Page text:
6. Instead of focusing solely on what the medication is not doing, instead look at your mood swing chart for a realistic picture of your mood swings as well as how you're relating to friends, family and co-workers. There is always a chance that you may think that your medications are not working, but they may be helping in areas you don't expect them to work. For example, you may be taking a mood stabilizer for depression that doesn't reduce the depression as you would like it to, so you go off the drug. You then start to have symptoms of anxiety, rapid-cycling, suicidal thoughts or focus problems that may be unrelated to depression. Improvement can be so gradual that you lose sight of how you were before the medication and stopping it can lead to some serious setbacks.

7. Many people say they have tried everything and yet if you look at their history very carefully, there is a chance the dose was not correct or that the person went off the medication too soon. Thus, it's very important that you talk with a healthcare professional and make a very careful evaluation of your medication type and dosage before you make a change or decide that medications will never work for you.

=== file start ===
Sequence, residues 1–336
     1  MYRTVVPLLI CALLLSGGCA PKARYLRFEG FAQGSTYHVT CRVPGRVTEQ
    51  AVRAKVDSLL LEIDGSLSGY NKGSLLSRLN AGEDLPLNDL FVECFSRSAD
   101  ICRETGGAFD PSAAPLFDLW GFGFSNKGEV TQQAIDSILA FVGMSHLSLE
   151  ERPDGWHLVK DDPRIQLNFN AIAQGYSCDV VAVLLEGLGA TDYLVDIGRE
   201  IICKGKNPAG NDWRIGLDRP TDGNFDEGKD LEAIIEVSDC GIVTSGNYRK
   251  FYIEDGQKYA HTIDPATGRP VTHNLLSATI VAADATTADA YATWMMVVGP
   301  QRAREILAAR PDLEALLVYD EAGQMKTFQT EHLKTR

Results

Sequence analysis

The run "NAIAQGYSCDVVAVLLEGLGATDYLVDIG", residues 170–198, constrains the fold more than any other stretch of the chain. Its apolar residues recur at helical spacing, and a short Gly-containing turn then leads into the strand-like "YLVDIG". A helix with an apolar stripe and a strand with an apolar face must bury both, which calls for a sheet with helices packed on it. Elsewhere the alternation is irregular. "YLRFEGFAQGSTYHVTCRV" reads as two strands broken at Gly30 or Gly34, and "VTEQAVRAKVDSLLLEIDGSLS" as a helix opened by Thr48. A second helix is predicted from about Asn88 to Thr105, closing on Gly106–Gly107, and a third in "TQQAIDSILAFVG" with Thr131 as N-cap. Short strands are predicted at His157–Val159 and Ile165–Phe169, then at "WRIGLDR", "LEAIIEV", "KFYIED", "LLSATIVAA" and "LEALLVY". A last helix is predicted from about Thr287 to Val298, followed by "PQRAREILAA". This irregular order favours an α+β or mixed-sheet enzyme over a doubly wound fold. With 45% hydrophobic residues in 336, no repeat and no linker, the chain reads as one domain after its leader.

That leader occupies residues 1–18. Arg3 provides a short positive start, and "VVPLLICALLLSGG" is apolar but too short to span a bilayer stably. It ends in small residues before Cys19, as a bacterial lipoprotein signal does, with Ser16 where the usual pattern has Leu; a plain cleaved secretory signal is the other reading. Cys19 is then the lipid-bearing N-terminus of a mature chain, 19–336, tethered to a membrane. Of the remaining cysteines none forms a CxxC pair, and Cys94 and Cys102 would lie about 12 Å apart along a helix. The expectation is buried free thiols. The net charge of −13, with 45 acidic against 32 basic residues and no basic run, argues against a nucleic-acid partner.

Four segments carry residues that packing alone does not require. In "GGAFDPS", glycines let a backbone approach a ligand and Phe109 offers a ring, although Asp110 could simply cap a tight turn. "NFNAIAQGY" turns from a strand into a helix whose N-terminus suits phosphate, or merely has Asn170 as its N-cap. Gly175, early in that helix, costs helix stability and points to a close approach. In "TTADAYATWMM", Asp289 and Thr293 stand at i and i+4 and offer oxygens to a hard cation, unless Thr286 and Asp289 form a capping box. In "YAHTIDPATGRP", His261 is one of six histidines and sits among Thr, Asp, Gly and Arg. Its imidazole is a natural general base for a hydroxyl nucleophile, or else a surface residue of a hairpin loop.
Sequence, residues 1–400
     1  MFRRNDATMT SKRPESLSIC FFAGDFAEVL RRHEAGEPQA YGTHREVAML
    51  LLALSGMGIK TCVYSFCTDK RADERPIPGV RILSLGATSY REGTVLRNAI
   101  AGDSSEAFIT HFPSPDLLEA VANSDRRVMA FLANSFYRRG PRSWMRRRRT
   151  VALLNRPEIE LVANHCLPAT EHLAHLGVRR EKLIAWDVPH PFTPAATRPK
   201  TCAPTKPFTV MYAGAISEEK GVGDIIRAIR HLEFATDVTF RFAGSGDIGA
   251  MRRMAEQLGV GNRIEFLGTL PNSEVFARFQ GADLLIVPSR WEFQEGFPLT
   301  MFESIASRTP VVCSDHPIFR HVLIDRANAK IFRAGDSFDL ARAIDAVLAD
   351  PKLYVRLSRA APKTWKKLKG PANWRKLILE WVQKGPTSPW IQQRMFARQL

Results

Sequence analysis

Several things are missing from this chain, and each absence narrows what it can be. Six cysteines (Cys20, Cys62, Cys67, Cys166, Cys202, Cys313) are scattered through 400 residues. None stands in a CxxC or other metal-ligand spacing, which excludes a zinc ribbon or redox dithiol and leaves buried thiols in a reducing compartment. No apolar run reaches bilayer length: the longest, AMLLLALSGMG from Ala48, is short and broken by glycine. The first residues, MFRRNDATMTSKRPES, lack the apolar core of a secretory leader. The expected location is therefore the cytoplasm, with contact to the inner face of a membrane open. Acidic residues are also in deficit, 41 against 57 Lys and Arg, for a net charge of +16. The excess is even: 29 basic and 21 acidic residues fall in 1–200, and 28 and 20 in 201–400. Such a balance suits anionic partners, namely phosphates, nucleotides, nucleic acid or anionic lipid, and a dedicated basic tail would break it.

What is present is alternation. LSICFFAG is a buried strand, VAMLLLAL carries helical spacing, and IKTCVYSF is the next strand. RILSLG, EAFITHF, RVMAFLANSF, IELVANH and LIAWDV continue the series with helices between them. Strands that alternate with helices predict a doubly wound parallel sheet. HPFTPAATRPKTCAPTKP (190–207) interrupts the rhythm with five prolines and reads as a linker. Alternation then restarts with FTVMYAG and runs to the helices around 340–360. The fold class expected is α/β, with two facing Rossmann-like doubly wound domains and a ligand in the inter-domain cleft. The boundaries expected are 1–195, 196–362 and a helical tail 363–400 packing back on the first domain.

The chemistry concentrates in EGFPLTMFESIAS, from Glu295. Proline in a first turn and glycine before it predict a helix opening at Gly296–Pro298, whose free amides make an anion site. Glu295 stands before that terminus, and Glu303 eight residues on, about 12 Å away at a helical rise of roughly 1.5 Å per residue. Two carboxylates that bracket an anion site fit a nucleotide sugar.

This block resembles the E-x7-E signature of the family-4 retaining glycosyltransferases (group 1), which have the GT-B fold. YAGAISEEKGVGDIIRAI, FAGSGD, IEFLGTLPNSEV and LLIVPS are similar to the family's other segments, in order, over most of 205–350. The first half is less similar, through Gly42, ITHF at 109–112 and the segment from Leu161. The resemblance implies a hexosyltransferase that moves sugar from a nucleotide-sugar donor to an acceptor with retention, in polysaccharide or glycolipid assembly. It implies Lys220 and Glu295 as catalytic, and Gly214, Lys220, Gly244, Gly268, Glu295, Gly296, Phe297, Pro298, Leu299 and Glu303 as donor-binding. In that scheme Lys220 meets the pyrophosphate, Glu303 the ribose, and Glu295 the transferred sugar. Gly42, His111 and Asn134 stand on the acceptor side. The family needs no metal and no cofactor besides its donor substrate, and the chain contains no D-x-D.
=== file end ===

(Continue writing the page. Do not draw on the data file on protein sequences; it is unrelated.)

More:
8. Side-effects can be sometimes be eased by using microdosing.

9. Treating bipolar disorder comprehensively can lead to reduced medications - which translates to fewer side-effects.

10. When it comes to medications, you have to ask yourself: "have I really explored all of my options?"

How Long Will I Have to Stay on Medications for Bipolar Disorder?

Many people with bipolar disorder will need to stay on maintenance medications for life. Of course, there is always the hope that medical research will improve this situation, but considering that mood swings are often triggered by outside events, medications are the best way for a person with bipolar disorder to maintain stability.

When Should I Stop a Medication for Bipolar Disorder?